My 16 year old daughter recently started working. As we were walking through the mall last week she said, “Sometimes I come home from school, try to take a quick nap, and instead think about how I wish I didn’t have to go to work.” My reply, “Welcome to the adult world.” She got a horrified look on her face and said, “This isn’t what being an adult is, is it? If so, why do people want to grow up?” I of course laughed and let her know this is part of being an adult. Our conversation then continued to a conversation we often have about growing up and the perfect age. My daughter likes to ask the question, “Wouldn’t you like to be 16 again?” My answer is always the same, “NO WAY!”. She then quizzes me on whether or not being in my 20’s again would be ideal. “NO,” I always answer. She seems to be searching for that perfect age so that when it comes, she doesn’t miss it.
The problem with trying to figure out the perfect age, at least for me, is that every age has been perfect. I have been happy with each age because they have each brought something important to me. My teens were about friendships and since I started working at 14, figuring out my work ethic. My 20’s were about exploring my profession as a teacher, developing a solid marriage, and figuring out what values I held as an adult. My 30’s were all about being a momma and starting to figure out what life with rheumatoid arthritis meant for me. My 40’s have been about rediscovering myself, my marriage, and my role as a momma. It has also been a time to begin thinking about what else I want to do with my life. I can’t imagine not having any one of these stages. Each one of them has been perfect and led me to where I am today.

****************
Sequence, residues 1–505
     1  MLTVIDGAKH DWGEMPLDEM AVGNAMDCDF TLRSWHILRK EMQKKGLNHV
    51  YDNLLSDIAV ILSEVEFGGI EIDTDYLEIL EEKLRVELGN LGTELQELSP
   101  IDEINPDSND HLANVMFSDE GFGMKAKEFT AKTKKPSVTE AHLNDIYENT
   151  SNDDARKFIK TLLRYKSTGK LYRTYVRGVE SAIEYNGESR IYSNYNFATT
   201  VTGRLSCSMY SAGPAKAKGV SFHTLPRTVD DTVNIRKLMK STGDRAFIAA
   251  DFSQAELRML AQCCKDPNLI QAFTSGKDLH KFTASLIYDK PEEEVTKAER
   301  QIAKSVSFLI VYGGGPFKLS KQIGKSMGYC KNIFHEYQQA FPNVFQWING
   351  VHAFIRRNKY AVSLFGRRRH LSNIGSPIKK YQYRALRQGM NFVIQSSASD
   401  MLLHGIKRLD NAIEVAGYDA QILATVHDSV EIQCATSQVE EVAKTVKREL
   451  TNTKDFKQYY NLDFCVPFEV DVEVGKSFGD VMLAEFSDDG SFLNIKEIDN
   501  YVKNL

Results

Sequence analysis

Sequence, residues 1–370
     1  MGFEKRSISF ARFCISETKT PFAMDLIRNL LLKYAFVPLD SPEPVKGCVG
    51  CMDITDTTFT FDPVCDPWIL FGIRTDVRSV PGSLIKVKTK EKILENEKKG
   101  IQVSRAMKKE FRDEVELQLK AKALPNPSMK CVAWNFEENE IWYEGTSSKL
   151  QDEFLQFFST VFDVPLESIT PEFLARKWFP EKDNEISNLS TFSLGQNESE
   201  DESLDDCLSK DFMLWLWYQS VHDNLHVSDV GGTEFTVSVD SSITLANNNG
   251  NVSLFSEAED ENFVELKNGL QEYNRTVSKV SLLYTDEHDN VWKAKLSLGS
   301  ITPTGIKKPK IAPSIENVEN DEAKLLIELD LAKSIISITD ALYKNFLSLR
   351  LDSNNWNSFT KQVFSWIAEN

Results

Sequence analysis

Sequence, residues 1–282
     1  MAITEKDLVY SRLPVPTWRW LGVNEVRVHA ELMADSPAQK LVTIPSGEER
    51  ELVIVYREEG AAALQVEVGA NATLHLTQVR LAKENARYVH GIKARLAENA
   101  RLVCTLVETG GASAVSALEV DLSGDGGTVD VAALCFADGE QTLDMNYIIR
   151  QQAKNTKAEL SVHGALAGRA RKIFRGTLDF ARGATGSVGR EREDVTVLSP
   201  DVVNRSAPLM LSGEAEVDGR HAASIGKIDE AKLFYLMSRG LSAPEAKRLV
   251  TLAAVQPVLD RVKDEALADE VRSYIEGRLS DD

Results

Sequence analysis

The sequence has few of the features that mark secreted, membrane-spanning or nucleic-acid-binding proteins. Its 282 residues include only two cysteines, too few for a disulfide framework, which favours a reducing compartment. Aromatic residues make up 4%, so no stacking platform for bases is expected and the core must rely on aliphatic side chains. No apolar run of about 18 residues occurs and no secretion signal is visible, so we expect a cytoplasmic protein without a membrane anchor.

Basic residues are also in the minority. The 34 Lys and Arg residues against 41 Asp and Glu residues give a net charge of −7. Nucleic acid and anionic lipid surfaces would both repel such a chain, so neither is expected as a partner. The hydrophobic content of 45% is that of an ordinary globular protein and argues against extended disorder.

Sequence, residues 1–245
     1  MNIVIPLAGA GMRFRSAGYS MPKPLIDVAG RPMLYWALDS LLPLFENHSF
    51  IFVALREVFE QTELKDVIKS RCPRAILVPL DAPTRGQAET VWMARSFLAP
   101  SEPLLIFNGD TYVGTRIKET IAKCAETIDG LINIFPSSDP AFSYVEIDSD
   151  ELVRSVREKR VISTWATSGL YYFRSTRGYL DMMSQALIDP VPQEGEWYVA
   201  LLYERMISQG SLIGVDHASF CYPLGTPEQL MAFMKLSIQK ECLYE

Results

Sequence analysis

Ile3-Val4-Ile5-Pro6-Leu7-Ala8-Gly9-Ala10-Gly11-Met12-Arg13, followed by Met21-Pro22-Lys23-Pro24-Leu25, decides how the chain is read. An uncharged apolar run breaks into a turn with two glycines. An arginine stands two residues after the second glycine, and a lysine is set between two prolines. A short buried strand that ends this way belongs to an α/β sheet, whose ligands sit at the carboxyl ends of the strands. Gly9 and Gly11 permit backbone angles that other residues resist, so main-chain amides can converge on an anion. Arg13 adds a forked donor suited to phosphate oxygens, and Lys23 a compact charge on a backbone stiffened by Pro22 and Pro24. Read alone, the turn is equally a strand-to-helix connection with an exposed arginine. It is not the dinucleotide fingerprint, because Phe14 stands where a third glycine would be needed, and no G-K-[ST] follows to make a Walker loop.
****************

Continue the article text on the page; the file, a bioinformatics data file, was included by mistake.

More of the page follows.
What we did discuss about becoming an adult is that you have important decisions to make. How do you want to spend your free time? What is your passion? How can you integrate your passion with your career? We talked about the struggles of being an adult, but how each struggle also comes with a reward. Sure, you have to work, but you also have control over how you spend your time and money. You get to decide if where you are in life is good or bad. Once you have that figured out, each age is beautiful and necessary.
What do you think? Has there been a perfect age for you that you’d like to return to?
2 thoughts on “What’s the Perfect Age?”
I really liked being in my early 40s, but I like where I am now even more. All my life, I wanted to live, not merely exist, and I've been doing that every day for the last 10 years and each day is getting better. (And I'm with you. I would not be 16 again for love or money)
That makes 3 of us who don't wish to be 16, but if I could return, I'd like to take the wisdom I have gained with me. Oh, how much better those high school years would have been!
Another thing in common – I started working outside the home at age 14, too.
What a great momma you are, Cathy. You're having such meaningful conversations with your daughter so she can be her best at every age.